Pre-Owned Debate: Quantic Dream Respond

On Monday we posted a news story about how Quantic Dream had ‘lost’ an estimated €5 to €10 million, thanks to the sale of pre-owned games.

A lot of you commented on the news and a similar amount of comments were posted by industry professionals on GamesIndustry.Biz. These have caught the attention of Guillaume de Fondaumiere and on Tuesday he has posted a response, explaining how the almost instant discounting of titles hurts the industry.


There was a time when publishers and retailers together decided when it was the right time to drop a game’s price. We had full price, mid-price and budget games and the whole value chain benefitted from this.

Decisions to drop the price were based on consumer demand and levels of stock. Most importantly, price drops happened in a timely fashion.

Gamers who couldn’t wait bought full price, those who weren’t sure waited some time, usually 3 to 6 months for the first price drop, and then again some time for the next.

Today, second hand gaming (SHG) happens almost same day and date with the full price release. From far away, this may seem to be to the benefit of all in the chain, but actually it isn’t.

Guillaume  has dismissed any comparisons between games other second hand markets such as cars as ‘irrelevant’. This is backed up by Dave Herod, Senior programmer at Codemasters who posted this message

It’s annoying how people always compare used software to the sale of used cars. It’s NOT the same, if you buy a second hand car you’re buying an inferior item, it’s more worn out, the warranty has either gone or there’s less time remaining on it, and it degrades over time.

Software doesn’t degrade, and when you buy it you’re not paying for the disc or the box, you’re paying for the rights to play that game.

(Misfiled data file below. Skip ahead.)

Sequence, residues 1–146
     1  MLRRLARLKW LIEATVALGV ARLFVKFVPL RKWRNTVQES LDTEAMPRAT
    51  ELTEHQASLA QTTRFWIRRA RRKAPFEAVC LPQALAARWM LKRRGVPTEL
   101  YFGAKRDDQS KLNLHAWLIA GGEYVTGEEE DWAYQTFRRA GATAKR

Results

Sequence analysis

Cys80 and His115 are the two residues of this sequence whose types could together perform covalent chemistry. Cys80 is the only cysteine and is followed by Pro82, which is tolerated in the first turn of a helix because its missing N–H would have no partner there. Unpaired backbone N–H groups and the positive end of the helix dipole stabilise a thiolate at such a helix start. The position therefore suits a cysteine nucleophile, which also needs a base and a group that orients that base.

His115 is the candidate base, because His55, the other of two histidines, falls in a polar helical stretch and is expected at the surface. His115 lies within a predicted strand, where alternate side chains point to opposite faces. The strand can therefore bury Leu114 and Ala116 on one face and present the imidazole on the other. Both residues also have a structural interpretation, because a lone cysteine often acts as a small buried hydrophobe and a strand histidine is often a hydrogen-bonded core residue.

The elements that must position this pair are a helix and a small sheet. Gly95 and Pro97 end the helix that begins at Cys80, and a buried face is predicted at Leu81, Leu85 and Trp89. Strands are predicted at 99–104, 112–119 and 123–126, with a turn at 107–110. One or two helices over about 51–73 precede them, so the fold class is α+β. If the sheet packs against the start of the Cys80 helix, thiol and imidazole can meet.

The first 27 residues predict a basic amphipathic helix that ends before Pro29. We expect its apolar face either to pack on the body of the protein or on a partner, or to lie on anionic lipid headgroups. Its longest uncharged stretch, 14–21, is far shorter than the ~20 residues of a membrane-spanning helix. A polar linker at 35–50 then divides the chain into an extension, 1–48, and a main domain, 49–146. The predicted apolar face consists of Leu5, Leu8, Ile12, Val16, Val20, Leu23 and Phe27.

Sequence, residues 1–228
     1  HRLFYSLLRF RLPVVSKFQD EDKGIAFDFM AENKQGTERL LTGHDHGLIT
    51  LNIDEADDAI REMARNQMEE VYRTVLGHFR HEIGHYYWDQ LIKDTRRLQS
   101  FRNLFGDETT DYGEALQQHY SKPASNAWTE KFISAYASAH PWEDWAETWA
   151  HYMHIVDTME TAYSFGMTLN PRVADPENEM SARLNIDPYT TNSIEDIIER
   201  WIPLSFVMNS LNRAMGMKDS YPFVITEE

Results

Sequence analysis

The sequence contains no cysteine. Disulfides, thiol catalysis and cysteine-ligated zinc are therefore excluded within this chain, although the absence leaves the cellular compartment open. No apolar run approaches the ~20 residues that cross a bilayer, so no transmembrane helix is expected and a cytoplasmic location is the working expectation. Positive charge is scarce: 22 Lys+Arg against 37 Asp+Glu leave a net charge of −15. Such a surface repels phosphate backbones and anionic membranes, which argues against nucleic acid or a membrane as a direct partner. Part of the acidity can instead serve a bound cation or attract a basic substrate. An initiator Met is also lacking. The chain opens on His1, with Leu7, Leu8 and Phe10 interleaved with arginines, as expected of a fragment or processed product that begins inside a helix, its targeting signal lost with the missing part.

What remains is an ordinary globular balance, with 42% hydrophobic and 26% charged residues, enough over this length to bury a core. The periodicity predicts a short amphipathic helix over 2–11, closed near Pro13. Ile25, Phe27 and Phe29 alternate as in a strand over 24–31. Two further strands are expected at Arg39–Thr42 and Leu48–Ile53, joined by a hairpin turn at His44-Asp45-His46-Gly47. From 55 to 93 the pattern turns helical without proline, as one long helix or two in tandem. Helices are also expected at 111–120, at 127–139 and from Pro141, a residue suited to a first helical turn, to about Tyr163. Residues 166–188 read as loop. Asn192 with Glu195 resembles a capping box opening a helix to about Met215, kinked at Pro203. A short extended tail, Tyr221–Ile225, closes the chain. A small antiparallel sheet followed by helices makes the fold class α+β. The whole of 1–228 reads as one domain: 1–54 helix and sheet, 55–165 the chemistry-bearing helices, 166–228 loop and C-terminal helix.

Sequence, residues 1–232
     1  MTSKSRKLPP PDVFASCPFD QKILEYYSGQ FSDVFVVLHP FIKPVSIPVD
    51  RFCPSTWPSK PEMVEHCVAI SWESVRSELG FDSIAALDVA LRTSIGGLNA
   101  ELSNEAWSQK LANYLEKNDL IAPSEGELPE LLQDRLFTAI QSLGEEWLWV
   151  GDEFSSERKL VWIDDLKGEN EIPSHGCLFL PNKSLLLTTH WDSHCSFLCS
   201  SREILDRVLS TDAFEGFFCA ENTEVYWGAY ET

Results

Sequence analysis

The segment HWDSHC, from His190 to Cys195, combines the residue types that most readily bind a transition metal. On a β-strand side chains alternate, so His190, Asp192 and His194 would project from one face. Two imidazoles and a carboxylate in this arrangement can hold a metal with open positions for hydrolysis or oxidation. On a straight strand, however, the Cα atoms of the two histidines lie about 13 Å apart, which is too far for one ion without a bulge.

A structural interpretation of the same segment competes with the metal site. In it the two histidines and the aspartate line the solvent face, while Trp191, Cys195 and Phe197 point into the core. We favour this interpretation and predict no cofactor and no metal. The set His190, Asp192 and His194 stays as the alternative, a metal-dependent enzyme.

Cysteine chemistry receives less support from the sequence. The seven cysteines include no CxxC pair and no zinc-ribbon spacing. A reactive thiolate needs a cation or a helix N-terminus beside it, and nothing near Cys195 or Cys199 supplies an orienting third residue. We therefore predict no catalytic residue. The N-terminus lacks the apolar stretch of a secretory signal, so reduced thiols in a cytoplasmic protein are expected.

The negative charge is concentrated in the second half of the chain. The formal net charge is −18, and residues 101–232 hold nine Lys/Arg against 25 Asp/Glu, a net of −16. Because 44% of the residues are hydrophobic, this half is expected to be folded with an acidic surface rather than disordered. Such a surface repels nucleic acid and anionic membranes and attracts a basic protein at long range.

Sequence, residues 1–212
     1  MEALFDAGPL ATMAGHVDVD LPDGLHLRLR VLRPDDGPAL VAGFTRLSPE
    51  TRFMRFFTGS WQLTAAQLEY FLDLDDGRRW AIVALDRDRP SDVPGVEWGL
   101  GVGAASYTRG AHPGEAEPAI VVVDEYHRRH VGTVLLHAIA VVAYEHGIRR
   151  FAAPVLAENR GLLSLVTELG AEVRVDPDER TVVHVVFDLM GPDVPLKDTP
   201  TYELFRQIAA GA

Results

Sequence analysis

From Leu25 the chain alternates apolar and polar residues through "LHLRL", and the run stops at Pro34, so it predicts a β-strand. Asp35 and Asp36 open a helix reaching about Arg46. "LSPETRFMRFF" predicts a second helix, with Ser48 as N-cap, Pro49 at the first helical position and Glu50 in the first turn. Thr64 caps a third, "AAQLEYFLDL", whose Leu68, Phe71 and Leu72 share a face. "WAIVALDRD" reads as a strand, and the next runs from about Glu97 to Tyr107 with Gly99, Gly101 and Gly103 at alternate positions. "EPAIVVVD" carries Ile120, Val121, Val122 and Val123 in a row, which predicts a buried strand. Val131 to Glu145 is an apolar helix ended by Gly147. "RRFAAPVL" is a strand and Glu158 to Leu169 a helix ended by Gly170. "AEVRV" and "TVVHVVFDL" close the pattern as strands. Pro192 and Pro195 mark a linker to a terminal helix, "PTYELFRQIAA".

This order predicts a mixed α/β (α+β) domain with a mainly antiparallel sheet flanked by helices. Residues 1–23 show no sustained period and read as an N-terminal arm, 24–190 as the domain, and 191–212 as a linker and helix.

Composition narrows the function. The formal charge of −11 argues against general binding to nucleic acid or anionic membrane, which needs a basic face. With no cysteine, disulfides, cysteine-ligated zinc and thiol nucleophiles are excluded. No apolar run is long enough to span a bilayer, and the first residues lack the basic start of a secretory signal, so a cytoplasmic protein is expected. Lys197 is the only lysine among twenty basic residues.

The IP is owned by the publisher and developers and retailers are effectively selling something that’s not theirs. It’s not far from theft in my view.

Guillaume has posted another response in which he clearly states he “never said we should ban second hand gaming” but points to the huge profits generated by second hand games which have been reported by retailers.

You only need to look at the annual reports of certain retail giants to find out that between 30 and 40 % of total games software turnover comes from second hand sales today (incomparable to books for instance).

Gamestop recently reported used-game sales jumping over 12% on last year and the most recent financial report from GAME show pre-owned revenues of £387 million with a profit margin of nearly 40%.

The last word must go to Diogo Neves, Programmer for Sony Europe, who has posted:

It’s a legal market and as such, we just have to move on and find better ways to make this practice more profitable for game studios. Maybe it’s the business model that has to change.

Source: GamesIndustry.Biz



  1. best sensible argument i’ve seen on the matter of pre-owned gaming yet..

    • “It’s not far from theft” is not a sensible expression in my book.

      • Theft on the retailer’s behalf, not the consumer’s.

      • It’s as far from theft as it can be.

      • You have no right to profit from the sale of a game you bought. You don’t have a licence to sell it on.